Men, we must resist self-promotion and being self-centered in our ministries. Now we can say to ourselves, “well I’m not like that,” but the reality is we are all like that. Calvin said in the Institutes that “there is no one who does not cherish within himself some opinion of his own pre-eminence.” We ought to be honest with ourselves, and have a heart to heart with ourselves. We must be like Paul, that monumental exegete, who called himself “a bond-servant of Christ Jesus, set apart for the gospel of God.” A bond-servant! There is no room for hubris and petty pride. Our ministry as seminary professors is about “Jesus Christ and him crucified!”
We need to have the attitude once displayed by Charles Spurgeon. After he had finished preaching one Sunday morning, a man came up to him, and gushingly said, “That was the greatest sermon that has ever been preached!” Spurgeon looked at the man, and said, “Yes, the Devil told me that five minutes ago!”
I have made it a habit in every class that I teach that I present the gospel message; I assume nothing, and I learned that early in my seminary-teaching career. One day I was sitting in my office, and David Jussley, Professor of Preaching at RTS-Jackson, knocked on my door and he had a student in tow. The student was one I knew well; he was a third year student who had taken a number of classes from me, and he served as an intern in the church where I was an assistant pastor. He was one of those students for whom I had great expectations as he would go into the pastorate. He had all the pedigree: he was brought up in a PCA church, he was part of RUF in college, and was a bright and knowledgeable seminarian. David told me that the student had something to tell me. The student looked at me with tears in his eyes and said, “I have just been converted.” He had been listening to another student preach in preaching class, and as he heard the gospel preached plainly he realized that he did not know Christ. During my time at RTS, similar conversions have taken place a number of times. There are lost souls in our midst, and so, even when I am parsing a hithpael verb pattern . . . intensive, reflexive . . . I try not to forget the souls I am dealing with.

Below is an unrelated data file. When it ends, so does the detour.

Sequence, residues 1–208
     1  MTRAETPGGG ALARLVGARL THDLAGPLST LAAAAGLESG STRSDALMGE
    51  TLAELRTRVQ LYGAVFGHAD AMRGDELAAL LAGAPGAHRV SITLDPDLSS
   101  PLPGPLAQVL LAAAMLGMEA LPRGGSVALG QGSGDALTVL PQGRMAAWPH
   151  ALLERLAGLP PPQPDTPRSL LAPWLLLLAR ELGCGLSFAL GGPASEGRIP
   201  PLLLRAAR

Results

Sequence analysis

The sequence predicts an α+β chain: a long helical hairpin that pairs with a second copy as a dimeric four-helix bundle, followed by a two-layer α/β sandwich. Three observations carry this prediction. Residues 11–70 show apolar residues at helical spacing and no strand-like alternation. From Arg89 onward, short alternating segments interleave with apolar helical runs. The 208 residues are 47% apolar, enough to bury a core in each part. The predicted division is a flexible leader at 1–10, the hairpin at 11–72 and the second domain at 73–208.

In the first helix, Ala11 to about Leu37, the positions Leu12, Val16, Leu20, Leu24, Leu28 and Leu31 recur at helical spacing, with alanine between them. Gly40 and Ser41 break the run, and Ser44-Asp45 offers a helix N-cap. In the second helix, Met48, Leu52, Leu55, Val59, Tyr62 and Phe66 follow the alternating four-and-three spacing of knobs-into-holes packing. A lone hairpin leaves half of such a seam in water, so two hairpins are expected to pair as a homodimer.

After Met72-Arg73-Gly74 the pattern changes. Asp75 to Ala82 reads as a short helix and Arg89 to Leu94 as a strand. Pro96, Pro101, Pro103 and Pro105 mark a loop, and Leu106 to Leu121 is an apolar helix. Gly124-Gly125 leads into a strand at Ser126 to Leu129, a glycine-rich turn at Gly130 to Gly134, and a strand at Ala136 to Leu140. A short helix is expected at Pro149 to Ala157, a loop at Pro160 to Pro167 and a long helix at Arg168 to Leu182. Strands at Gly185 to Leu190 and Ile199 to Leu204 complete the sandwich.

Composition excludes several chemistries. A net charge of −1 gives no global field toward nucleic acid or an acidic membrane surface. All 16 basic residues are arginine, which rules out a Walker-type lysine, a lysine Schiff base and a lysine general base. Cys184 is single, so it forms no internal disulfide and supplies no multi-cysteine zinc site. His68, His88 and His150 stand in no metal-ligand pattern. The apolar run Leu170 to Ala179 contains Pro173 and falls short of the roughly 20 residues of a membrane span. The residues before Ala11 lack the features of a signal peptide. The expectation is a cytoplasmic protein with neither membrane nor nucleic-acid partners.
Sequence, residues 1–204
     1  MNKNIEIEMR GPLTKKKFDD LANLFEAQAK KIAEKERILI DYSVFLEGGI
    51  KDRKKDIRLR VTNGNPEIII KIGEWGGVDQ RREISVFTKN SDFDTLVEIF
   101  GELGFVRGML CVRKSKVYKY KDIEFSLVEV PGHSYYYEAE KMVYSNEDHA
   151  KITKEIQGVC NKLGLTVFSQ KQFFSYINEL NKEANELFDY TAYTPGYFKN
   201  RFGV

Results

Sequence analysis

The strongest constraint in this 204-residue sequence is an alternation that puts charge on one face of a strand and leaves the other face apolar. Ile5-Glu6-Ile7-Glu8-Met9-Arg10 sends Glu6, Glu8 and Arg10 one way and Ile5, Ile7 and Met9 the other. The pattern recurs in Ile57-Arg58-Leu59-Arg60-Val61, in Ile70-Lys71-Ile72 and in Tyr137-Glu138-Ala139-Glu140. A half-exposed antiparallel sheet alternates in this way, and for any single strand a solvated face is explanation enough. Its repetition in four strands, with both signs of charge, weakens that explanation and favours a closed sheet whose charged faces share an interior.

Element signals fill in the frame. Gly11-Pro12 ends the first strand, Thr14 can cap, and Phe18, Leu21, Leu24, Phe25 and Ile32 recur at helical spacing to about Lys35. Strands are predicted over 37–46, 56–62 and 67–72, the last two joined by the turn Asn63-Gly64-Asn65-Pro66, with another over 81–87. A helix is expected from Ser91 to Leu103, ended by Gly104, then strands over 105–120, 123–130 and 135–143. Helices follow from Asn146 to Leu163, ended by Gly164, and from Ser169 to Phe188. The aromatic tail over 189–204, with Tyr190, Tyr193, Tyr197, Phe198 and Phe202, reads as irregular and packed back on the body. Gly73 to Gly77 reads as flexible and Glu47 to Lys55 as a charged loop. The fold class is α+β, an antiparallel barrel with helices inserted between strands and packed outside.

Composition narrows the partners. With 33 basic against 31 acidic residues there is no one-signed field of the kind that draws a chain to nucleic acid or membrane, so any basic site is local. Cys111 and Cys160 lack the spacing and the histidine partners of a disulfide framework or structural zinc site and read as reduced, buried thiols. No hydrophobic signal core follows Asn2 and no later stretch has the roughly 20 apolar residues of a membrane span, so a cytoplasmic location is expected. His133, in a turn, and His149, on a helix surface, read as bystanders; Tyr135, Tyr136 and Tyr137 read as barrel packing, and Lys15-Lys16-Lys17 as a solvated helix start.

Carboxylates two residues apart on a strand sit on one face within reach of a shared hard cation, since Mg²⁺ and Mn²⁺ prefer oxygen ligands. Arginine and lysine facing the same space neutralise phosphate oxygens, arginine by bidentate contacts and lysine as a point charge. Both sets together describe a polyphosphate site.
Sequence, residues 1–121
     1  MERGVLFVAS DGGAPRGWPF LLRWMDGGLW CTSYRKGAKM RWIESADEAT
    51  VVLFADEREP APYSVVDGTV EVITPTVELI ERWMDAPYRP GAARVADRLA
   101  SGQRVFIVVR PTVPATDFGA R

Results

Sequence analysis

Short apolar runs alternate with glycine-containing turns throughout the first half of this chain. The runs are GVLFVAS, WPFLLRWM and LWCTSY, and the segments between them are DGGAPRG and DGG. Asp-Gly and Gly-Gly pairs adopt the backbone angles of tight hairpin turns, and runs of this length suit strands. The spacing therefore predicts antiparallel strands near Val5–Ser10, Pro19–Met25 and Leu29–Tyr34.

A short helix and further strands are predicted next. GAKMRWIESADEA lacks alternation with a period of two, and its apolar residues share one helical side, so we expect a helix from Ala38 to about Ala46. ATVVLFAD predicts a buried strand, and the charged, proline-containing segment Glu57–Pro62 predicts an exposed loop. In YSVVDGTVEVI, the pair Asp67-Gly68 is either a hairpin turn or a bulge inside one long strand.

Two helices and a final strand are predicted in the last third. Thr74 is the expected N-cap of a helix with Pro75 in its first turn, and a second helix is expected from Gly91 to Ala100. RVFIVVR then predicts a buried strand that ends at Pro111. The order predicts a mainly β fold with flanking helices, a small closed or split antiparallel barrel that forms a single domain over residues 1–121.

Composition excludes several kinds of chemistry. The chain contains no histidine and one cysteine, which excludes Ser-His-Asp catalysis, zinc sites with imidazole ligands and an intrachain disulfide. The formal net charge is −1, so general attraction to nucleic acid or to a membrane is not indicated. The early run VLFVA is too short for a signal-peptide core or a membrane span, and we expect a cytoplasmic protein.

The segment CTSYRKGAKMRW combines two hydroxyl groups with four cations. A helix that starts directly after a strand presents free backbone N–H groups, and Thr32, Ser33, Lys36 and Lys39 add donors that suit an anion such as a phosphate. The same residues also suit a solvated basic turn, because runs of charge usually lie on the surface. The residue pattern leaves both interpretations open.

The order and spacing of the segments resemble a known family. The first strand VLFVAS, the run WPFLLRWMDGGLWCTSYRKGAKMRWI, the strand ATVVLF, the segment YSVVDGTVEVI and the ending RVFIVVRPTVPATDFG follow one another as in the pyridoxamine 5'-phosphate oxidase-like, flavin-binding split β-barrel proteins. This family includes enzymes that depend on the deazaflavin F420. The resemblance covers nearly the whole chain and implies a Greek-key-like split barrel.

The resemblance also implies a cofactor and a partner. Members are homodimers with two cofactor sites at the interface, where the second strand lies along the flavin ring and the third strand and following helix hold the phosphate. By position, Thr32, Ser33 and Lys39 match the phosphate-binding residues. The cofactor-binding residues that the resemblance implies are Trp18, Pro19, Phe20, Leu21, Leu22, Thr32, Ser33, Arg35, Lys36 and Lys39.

Many years ago when I was a young biblical studies instructor, an Orthodox Presbyterian named Bob Atwell sat me down to talk with me. He was one to listen to: he was one of the first students at Westminster Theological Seminary, he had witnessed first-hand the trials of J. Gresham Machen, and he had been in the ministry well over forty years. Rev. Atwell said to me the one thing he tried to remember all the days of his ministry was this saying, “when I look to myself I am discouraged, but when I look to Christ I am encouraged.” I know that is not a novel thought, but I think it gets to the heart of what I wanted to say. So, men, my prayer for you is that when students leave your classrooms they will not say “What a great teacher!” but they will say “What a great Savior!”